Little MM gave me the birthday artwork he had secretly made for me (pictured above), and we spent the day using a snow shovel to build a mountain in the back yard, which we hollowed out to create a snow fort. The sun went down, so we came inside for a candle-light pumpkin carving session and dinner. The temperature began to drop further and the other homeowners on my block started either abandoning their homes to go stay with friends in other towns, or firing up rented generators to restore normalcy to their lives.

This was my favorite part of my birthday. We turned down a generous accommodation offer from some friends, even as the house temperature reached 58F, and the weather forecast called for a drop to 14F (-10C), an all-time record low for this date. We piled all of our warmest blankets onto the king-sized bed and closed the doors and shutters to the master bedroom to lock in as much heat as possible. I filled the 6-gallon glass carboy from my beer-making system with extremely hot water and brought that into the room to slowly release heat through the night as well. The boy decided that we must each tell one Jack-o-lantern-related story by candlelight, then we blew out the candles and closed our eyes. For the first time in I-don’t-even-know-how-many-years, I fell asleep at 8:00PM.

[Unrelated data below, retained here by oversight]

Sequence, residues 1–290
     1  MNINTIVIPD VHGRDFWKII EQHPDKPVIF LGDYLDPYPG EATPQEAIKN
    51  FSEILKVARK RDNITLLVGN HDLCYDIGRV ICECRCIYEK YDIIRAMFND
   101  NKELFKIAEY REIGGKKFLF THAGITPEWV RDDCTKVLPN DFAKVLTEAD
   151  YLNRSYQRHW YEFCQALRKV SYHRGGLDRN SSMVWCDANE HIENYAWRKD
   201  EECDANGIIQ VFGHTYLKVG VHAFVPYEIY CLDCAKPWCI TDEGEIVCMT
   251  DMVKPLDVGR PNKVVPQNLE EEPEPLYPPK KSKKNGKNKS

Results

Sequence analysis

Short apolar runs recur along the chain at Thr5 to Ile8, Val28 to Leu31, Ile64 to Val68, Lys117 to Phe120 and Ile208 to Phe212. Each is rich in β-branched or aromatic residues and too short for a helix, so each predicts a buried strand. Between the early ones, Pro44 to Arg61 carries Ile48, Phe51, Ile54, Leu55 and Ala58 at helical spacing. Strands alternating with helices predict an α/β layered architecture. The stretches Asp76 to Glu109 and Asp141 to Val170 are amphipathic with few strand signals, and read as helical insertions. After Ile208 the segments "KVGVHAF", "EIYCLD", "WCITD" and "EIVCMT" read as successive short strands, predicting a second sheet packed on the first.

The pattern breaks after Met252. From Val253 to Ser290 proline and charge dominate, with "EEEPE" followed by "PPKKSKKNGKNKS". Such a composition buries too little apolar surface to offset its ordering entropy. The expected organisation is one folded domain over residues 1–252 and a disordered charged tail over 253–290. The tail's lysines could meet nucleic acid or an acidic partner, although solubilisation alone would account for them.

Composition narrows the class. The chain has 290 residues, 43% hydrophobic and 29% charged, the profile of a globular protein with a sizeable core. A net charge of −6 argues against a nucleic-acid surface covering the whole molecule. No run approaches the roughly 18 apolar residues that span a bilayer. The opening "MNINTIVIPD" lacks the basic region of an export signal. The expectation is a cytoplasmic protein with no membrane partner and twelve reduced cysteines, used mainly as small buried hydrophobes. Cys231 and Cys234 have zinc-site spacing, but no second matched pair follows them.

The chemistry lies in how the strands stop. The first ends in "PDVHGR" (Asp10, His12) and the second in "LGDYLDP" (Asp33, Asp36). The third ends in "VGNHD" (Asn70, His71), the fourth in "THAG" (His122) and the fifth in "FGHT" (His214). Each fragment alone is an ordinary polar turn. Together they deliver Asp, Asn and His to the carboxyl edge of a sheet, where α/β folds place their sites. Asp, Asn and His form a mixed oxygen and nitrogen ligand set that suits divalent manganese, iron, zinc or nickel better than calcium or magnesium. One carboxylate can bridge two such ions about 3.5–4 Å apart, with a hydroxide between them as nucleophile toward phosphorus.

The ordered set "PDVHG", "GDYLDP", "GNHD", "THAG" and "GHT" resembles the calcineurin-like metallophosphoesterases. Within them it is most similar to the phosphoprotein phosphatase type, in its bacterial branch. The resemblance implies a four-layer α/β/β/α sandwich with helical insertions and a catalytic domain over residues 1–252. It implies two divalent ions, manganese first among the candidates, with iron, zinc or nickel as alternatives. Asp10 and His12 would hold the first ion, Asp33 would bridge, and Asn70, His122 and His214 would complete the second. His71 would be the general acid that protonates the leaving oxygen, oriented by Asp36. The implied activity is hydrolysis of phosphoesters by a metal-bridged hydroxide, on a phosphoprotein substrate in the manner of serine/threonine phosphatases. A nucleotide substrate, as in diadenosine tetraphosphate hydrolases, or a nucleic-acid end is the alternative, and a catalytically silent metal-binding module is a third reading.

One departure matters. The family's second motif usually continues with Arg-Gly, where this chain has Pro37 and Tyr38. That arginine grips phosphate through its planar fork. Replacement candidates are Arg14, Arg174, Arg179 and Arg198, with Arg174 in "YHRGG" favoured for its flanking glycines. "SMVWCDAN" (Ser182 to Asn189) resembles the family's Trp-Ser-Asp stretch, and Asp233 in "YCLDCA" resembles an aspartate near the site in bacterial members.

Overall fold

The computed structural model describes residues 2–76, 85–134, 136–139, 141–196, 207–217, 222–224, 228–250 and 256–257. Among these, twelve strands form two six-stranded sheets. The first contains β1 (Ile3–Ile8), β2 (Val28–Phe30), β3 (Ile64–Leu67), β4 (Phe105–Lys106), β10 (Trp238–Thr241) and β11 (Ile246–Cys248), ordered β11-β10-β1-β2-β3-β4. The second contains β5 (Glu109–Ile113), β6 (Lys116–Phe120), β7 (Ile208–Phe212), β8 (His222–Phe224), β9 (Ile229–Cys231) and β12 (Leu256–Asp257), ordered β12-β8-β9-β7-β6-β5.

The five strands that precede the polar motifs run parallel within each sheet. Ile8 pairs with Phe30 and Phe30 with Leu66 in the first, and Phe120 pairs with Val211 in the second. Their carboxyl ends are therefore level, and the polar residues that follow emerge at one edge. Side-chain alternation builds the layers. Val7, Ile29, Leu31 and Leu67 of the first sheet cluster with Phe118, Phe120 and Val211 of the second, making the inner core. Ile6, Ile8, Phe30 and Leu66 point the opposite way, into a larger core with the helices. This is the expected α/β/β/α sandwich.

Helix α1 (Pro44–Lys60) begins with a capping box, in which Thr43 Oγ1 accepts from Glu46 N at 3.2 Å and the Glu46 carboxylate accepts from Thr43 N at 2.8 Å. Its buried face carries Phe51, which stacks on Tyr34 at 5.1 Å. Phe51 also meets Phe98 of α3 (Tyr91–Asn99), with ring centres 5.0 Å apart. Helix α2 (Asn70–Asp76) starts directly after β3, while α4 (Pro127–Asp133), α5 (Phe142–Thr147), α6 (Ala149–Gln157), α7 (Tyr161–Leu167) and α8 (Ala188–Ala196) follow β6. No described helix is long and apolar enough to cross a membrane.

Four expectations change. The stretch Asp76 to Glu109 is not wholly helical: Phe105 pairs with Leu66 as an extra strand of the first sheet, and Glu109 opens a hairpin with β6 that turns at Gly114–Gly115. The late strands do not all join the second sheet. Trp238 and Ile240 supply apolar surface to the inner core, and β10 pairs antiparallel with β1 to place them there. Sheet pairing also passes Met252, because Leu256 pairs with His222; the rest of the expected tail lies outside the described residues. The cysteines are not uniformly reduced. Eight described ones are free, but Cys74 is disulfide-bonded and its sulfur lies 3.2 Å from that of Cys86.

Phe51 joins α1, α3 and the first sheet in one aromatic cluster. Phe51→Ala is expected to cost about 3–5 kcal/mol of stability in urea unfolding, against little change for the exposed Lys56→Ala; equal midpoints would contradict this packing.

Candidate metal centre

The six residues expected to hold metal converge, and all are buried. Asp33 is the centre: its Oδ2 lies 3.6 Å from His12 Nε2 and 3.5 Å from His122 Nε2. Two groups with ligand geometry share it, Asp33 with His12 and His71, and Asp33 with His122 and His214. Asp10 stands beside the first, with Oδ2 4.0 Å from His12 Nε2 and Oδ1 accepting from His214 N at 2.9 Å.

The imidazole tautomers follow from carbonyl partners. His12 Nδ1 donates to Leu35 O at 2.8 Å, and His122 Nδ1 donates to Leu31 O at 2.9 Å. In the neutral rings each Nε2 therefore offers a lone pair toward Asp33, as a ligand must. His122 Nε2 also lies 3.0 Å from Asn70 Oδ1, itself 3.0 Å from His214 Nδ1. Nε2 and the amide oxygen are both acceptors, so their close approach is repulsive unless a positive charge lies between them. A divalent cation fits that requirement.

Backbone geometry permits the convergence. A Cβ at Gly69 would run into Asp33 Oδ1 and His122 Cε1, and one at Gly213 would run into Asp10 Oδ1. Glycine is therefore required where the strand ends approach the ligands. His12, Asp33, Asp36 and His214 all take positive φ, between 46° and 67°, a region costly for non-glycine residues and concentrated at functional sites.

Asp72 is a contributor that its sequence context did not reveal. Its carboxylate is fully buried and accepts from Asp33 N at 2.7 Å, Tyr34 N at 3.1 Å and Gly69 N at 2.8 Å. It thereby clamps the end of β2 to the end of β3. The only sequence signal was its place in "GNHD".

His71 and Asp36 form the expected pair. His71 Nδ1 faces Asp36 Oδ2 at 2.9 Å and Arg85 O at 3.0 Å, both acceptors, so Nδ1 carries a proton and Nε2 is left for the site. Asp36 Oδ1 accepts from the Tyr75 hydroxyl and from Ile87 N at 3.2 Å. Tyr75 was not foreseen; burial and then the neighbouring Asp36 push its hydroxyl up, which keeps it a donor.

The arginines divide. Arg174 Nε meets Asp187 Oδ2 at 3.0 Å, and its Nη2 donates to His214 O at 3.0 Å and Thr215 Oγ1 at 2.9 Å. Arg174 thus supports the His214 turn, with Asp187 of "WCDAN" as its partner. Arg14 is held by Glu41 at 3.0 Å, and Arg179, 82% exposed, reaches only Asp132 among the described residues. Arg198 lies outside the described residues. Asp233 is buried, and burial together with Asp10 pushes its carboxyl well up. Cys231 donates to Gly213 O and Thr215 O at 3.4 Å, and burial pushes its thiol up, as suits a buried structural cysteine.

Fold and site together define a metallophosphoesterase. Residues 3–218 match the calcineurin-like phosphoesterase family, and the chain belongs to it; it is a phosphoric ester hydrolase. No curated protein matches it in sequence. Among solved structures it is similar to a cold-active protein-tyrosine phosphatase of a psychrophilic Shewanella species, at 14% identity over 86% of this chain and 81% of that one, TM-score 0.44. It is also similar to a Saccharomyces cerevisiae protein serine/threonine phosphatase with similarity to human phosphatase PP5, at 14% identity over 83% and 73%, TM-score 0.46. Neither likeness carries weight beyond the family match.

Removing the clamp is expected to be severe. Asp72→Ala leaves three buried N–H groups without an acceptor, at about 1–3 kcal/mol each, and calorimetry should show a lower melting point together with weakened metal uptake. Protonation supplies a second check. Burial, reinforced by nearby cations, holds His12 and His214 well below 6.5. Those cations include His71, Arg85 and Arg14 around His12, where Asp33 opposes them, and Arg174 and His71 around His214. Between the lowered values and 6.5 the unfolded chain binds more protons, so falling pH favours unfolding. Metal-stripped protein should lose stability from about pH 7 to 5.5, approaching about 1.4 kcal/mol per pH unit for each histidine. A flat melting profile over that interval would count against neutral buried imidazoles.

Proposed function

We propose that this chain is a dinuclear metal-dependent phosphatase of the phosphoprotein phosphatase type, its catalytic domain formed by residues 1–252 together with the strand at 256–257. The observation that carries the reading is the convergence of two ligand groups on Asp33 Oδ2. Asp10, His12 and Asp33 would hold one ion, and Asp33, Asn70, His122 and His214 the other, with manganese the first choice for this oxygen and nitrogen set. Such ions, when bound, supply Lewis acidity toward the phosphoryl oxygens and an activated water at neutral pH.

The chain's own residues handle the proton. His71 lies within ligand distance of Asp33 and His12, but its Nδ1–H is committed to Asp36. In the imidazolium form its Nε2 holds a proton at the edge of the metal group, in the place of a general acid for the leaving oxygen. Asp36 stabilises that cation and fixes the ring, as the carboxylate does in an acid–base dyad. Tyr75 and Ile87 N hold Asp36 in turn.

I woke up ten hours later as a distant light clicked on and the furnace started blowing. I could tell from my exposed nose and ear that the room was quite cold, but damn, was that ever a great night’s sleep.  I gleefully contemplated all the advantages of having the power back, and hell no, I’m not going to start living without electricity on a full-time basis. But looking back on it, that sure was a nice birthday present that Mother Nature gave to the Money Mustache family this year.



* No, of course I don’t actually have a collection of samurai swords. Oddly enough, I do have one black sword that appears to be for Ninjas, along with an enormous hunting knife, both left behind by an (evicted) tenant at one of my rental houses a few years ago. I sharpened them both up very nicely and use them for hacking down weeds, although they would also be ideal for unwanted doorbell-ringers.


  • Jeh October 27, 2011, 10:20 am

    That’s awesome. Happy Birthday to a fellow Oct. baby!

  • Matt from Buffalo October 27, 2011, 10:36 am

    Hey MMM,

    First off, great blog. Your combination of frugality and attitude (I’ll call it frugalitude) officially makes you my favorite finance blogger. I’ve been reading for a week or so, and already I’ve been convinced to buy a used breadmaker and move closer to work. Keep up the good work.

    Anyway, your story reminded me of the Buffalo, NY 2006 surprise storm, which many of my friends and family lived through (I was away for college at the time). The Buffalo Metro area got hit with 1-2 feet of snow about 2 weeks before Halloween. All the leaves were still on the trees, so branches came down everywhere. Although the temperature rose and all the snow melted within 48 hours, the ‘Arborgeddon’ was so widespread that schools were closed for a week, and power was out for some people for an equal length of time. I remember coming home 2 weeks after the storm and the place still looked like a warzone. Fortunately it wasn’t as bad in your situation.